This is the drivers side support.
Friday, November 28, 2008
This is the drivers side support.
Before beginning I highly recommend buying a good set of drill bits. I started this project using an old set I've had for years, mostly used for wood and plastic. Those bits quickly turned into dull metal sticks. I bought a nice set of cobalt bits and life is good again.
I am making the rack out of 2", 1.5" angle iron and 1" wide flat steel which I purchased from my local building supplier. The plan is to cut the 1.5" angle iron to 7" long, drill bolt holes and bolt to the front two tow hooks. The flat steel piece will be used as a vertical support. The 2" angle iron provides an anchor for the flat steel. The picture below is on the driver's side.
Once the two side supports are in place I cut 1.5" angle iron to span the width, approximately 35 inches. I drilled holes and used 5/16" bolts with nylok nuts. These are spaced to the width of the batteries. Since I have not chosen a battery yet I only drilled and bolted the most forward angle iron. I'll wait to drill the holes for the other angle iron.
Much more room without the engine.
Various other pictures. You can see how quickly my garage gets junky.
Thursday, November 27, 2008
Here is the clutch flyweel. You can't see it but there is a coupler bolted onto the motor shaft and split tapered collar with a keyway. The coupler has six threaded holes for the flywheel bolts. These are the same bolts that came with the original clutch but I bought a new flywheel from the local autoparts store. My original was trashed. Noticed the teeth ring for the starter is missing from the flywheel. It was pressed on so I just used a hammer and nail punch. Popped right off. It is this stage where the spacing between the bell housing plate you see here and the front face of the flywheel is critical, called the magic number. You have to leave the bolts on the coupler lose, slide the flywheel assembly until the critical distance is achieved....0.774 +/- 0.010 inches for 1994 Honda Civic. If you were converting a different car you would need to measure that distance before removing the flywheel from the engine.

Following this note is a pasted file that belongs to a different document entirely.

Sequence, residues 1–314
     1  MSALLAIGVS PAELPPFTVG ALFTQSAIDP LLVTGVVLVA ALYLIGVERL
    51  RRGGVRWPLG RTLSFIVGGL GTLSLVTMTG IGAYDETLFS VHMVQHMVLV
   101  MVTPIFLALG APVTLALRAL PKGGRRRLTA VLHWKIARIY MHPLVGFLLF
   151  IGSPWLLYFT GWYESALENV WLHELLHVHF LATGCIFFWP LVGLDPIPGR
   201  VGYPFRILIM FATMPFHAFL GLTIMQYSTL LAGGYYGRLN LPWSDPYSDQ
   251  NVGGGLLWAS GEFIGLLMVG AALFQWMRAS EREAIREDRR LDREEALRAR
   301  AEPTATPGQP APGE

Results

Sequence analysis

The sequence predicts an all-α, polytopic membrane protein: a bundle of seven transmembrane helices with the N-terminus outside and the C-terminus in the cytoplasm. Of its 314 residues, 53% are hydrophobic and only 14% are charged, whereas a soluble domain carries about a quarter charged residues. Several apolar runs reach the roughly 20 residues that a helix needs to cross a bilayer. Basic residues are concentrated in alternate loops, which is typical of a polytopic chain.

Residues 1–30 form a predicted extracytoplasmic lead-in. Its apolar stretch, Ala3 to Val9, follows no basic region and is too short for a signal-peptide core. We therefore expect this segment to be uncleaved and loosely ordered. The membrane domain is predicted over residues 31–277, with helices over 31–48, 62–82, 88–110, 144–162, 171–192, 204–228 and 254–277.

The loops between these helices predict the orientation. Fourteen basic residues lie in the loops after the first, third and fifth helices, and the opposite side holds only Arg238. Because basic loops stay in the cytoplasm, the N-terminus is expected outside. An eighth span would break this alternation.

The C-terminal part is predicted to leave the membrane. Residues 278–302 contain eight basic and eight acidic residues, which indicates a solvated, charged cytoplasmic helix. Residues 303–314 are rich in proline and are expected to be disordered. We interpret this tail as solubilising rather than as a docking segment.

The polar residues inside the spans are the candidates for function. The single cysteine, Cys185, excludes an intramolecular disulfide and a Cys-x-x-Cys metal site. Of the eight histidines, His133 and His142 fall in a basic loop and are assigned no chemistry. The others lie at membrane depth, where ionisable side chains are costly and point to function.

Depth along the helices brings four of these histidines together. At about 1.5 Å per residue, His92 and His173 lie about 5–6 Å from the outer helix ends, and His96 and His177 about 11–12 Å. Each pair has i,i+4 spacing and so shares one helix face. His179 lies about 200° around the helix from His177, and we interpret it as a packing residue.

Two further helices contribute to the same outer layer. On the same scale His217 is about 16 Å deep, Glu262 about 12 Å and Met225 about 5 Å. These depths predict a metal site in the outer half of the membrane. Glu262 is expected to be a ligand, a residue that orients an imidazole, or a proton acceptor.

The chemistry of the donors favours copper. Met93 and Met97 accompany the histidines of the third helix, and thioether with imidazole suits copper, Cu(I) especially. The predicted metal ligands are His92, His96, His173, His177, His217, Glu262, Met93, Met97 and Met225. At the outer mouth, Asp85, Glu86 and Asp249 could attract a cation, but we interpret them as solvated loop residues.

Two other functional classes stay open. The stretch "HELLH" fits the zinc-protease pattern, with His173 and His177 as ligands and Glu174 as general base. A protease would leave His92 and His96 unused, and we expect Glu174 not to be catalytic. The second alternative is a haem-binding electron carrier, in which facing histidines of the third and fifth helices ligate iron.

After I torqued and loctite (red) the six flywheel bolts I attached the pressure plate and wear plate to the transmission. You can see the alignment tool sticking out. Be sure to save all your original clutch bolts because the local auto parts store does not carry them. They are metric, fine thread with twelve point heads. Can only find at your Honda dealer. Luckily I still had mine.
Thursday, November 6, 2008
As you can see from the picture below the idea is to mate up the electric motor to the original transmission.
When I bought the car the transmission had been removed and I lost the mounting bolts. I recommend trying your best to keep these bolts. With the adapter plate some become through bolts that require washers and nuts but others thread into the transmission. The problem is these are automotive grade (10.9 hardened) metric fine thread bolts with varying lengths. Not something you will find at home depot or general hardware stores. I made a drawing and measured depths of the holes as best as I could then went to a fastener company called Fastenal. They only had metric hardened bolts with regular thread, which was good enough for the through bolts. The others I ordered online from Tacoma Screw.